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Assessment in Action

Catawba College: Project Description

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Primary Outcome Examined (select one or more)

Student Learning: Assignment

(No) Student Learning: Course

(No) Student Learning: Major

(No) Student Learning: Degree

Student Engagement

Student Success

(No) Academic Intimacy/Rapport

(No) Enrollment

(No) Retention

(No) Completion

(No) Graduation

(No) Articulation

(No) Graduates' Career Success

(No) Testing (e.g., GRE, MCAT, LSAT, CAAP, CLA, MAPP)

(No) Other (please describe)

Primary Library Factor Examined (select one or more)

Instruction

Instruction: Games

(No) Instruction: One Shot

(No) Instruction: Course Embedded

(No) Instruction: Self-Paced Tutorials

(No) Reference

(No) Educational Role (other than reference or instruction)

(No) Space, Physical

(No) Discovery (library resources integrated in institutional web and other information portals)

(No) Discovery (library resource guides)

(No) Discovery (from preferred user starting points)

(No) Collections (quality, depth, diversity, format or currency)

(No) Personnel (number and quality)

(No) Other (please describe)

Student Population (select one or more)

Undergraduate

(No) Graduate

(No) Incoming

(No) Graduating

(No) Pre-College/Developmental/Basic Skills

(No) Other (please describe)

Discipline (select one or more)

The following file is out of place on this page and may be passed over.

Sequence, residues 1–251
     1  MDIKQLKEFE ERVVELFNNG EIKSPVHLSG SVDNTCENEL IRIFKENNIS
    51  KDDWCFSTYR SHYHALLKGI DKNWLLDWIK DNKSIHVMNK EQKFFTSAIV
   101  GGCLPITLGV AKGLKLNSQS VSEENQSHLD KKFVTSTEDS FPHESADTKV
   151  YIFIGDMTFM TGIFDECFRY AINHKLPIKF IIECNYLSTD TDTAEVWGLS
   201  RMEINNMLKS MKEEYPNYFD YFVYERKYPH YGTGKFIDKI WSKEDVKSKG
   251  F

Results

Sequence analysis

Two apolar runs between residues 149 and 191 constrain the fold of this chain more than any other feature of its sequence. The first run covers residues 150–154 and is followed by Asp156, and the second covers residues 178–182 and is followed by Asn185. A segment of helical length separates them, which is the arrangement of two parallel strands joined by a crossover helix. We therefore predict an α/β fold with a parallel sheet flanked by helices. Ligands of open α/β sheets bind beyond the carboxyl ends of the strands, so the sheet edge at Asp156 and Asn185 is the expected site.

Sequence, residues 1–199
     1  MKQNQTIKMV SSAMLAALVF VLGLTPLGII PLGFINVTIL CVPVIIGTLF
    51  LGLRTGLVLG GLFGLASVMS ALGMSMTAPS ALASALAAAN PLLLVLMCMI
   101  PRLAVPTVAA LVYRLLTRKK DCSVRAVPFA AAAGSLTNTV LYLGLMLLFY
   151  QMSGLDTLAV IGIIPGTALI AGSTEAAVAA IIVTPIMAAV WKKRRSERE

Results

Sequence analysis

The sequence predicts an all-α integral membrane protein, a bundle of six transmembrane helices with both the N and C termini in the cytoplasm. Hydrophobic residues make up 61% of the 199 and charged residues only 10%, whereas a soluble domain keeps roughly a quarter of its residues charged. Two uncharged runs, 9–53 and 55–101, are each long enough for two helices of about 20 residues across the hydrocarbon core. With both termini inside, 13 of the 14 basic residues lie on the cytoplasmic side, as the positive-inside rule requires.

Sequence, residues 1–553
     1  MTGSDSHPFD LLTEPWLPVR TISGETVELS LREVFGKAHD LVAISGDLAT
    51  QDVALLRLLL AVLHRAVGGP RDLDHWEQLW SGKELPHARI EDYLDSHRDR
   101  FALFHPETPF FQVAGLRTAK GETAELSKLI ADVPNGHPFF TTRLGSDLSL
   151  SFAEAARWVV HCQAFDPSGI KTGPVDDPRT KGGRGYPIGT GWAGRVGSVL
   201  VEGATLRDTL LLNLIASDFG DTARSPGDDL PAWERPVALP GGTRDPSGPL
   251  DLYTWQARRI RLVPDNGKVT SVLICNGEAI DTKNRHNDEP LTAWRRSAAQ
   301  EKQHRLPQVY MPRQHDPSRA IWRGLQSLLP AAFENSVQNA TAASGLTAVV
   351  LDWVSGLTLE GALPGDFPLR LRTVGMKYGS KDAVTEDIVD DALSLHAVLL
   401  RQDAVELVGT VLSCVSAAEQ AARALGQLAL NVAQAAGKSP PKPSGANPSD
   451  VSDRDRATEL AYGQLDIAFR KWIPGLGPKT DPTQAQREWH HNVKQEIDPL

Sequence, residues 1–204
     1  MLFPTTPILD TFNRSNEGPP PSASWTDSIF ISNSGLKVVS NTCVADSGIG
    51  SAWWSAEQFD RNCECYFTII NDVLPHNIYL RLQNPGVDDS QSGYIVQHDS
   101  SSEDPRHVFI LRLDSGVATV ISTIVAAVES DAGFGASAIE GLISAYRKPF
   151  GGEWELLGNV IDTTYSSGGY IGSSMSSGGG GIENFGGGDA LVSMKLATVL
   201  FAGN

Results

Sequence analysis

(No) Arts

(No) Humanities

(No) Social Sciences

(No) Natural Sciences (i.e., space, earth, life, chemistry or physics)

(No) Formal Sciences (i.e., computer science, logic, mathematics, statistics or systems science)

(No) Professions/Applied Sciences

English Composition

(No) General Education

(No) Information Literacy Credit Course

(No) Other (please describe)

AiA Team Members (select one or more)

(No) Assessment Office

Institutional Research

Teaching Faculty

Writing Center

(No) Information/Academic Technology

(No) Student Affairs

(No) Campus Administrator

(No) Library Administrator

Other Librarian

(No) Other (please describe)

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Methods and Tools (select one or more)

Survey

(No) Interviews

(No) Focus Group(s)

(No) Observation

(No) Pre/Post Test

Rubric

(No) Other (please describe)

Direct Data Type (select one or more)

(No) Student Portfolio

Research Paper/Project

(No) Class Assignment (other than research paper/project)

(No) Other (please describe)

Indirect Data Type (select one or more)

(No) Test Scores

(No) GPA

(No) Degree Completion Rate

(No) Retention Rate

(No) Other (please describe)

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Inquiry Question (150 words open)

What was the project's primary inquiry question?

  1. This project sought to determine the most appropriate, most effective method of information literacy instruction for first-year students at Catawba College. It focused on English 1103, Critical Reading and Writing, the college’s required First-Year Writing Course.

    This assessment attempted to go beyond the limitations of tests and surveys to delve more deeply into students’ application of IL skills to their coursework. We examined students’ final papers and their citations, considering how appropriate, thorough, and accurate they were. We compared the results of the traditional lecture-style method with a newer, more creative classroom games technique.

Executive Summary (150 words open)

  • How does the project align with your institution’s priorities and needs?
  • Why did you choose the outcome and library factor as areas to examine?
  • Why was the team composition appropriate?